Identifying Shaker Chairs

Recognizable Styles in American Furniture

Shaker rocking chairs
Shaker rocking chairs. Carl Wycoff / Flickr / CC BY 2.0

The United Society of Believers in Christ’s Second Appearing, more widely referenced as the Shakers, are well-known for their furniture today, especially their chairs. As new “Believers” joined their community, they brought popularly styled Federal period furniture with them and in turn influenced what the Shakers made for use in their homes going forward.

The most recognizable style of Shaker chair is the traditional slat- or ladder-back version, but there were actually many types including those with Windsor styling and a rotating chair also known as a revolver. And, of course, there’s the widely recognized Shaker rocking chair.

The largest and most influential community of Shakers was established at New Lebanon, New York in 1787. This community remained active until 1947, according to the Metropolitan Museum of Art in New York, which holds an impressive collection of Shaker furniture and home furnishings.

It’s interesting to note that the New Lebanon branch was the only one that made chairs available for sale to the public as a means to support the community. Other Shaker villages made furniture, including chairs, solely for use in their homes and businesses and trade of these items remained within the confines of the communities.

The Finest Type of Country Design Reflected in Simple Chairs

In American Furniture: Tables, Chairs, Sofas & Beds, author Marvin D. Schwartz comments that “Shaker furniture is perhaps the finest type of country design.” The Shakers produced the bulk of their furniture from 1820 to 1870, and continued producing chairs through the remainder of the 1800s. By 1900 the community had drastically declined in numbers, and very little furniture was made thereafter.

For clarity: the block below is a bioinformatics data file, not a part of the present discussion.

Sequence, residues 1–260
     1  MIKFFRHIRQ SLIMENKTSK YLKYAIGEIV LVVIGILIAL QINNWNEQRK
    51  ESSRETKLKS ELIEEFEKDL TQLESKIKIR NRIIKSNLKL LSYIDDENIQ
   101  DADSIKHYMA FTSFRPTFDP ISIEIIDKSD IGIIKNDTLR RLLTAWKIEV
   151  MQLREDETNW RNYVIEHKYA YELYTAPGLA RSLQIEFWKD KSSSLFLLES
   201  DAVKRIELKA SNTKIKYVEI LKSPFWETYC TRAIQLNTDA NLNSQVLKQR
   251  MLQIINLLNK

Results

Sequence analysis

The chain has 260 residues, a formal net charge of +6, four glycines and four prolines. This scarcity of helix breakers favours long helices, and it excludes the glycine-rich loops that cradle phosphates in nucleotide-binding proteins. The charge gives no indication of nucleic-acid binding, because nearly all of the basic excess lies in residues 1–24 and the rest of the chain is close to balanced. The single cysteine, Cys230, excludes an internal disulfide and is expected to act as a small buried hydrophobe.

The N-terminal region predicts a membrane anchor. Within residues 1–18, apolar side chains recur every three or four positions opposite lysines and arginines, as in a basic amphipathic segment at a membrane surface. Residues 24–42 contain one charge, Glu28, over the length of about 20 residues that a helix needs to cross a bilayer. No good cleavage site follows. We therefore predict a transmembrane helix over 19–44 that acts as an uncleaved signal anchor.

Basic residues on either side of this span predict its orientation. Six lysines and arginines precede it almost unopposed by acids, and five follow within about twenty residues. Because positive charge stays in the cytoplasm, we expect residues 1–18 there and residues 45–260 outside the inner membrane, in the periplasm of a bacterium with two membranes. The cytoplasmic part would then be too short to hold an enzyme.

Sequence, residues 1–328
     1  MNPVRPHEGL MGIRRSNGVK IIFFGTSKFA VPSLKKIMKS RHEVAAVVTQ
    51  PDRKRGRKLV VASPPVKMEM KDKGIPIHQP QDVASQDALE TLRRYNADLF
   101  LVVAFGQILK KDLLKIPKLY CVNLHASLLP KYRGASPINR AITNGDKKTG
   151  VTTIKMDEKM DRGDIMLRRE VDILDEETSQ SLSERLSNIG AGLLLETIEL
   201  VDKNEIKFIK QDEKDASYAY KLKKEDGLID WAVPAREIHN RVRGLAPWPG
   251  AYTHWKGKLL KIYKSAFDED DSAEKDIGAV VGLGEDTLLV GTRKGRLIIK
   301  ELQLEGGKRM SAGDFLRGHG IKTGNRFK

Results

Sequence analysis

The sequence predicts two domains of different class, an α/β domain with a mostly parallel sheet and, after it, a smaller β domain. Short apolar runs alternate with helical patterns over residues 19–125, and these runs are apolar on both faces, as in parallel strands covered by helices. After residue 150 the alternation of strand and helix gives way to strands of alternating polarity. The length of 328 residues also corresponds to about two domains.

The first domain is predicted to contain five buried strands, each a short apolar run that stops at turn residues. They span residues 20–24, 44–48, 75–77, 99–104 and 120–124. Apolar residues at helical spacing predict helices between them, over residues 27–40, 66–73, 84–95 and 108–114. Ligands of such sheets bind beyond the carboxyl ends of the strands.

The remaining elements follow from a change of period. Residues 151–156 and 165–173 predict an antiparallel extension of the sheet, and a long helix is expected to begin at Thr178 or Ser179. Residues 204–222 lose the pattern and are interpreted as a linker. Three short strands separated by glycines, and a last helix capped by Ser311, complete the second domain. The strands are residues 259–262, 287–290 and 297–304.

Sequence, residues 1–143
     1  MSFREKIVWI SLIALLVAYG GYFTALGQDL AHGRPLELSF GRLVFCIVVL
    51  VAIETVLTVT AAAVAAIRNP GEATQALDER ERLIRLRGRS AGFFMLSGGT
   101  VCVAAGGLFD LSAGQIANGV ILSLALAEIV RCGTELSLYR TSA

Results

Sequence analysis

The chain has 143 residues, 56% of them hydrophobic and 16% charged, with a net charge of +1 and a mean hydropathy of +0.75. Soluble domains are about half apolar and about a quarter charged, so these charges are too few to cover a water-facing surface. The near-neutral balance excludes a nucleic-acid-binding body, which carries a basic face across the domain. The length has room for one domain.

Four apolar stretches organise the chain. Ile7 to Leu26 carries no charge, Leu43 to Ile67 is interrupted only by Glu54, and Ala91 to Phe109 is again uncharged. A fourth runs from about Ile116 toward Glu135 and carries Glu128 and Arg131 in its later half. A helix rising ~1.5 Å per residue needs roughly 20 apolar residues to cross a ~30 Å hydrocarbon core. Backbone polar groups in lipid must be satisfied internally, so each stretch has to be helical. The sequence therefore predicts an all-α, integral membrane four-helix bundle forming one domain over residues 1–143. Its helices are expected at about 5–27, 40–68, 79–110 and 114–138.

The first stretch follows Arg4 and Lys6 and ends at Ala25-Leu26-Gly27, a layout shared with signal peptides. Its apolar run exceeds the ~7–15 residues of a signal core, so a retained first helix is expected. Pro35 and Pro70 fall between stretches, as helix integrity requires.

Chairs made by the Shakers followed form based on simple 18th-century designs, primarily Federal influences, including those seen in their Windsor and slat-back chairs. These chairs also had simple turned posts and woven seats. They lacked ornamentation by and large, as prescribed by the sect’s founder Mother Lee, although a good number of them were painted when they were first made.

Extraneous ornamentation and elements imparting comfort were considered inappropriate due to the strict religious beliefs of the Shakers. According to the Antiques Encyclopedia by Hidde Halbertsma, this type of furniture “characteristically has strongly geometric lines with plain surfaces and functionality.” The talent of the Shakers was exemplified by simplifying and refining. They removed “all artifice and adornment” to design furniture that served basic needs quite well.

Shaker Chair Characteristics

While the basic shape of many Shaker chairs was the same, the seats varied in material. Some were manufactured with woven rush, cane, or cloth tape while others had leather seats. In addition, as shared by The Art Complex Museum in Duxbury, Mass., there are a number of construction characteristics that are useful in determining a chairs community of origin: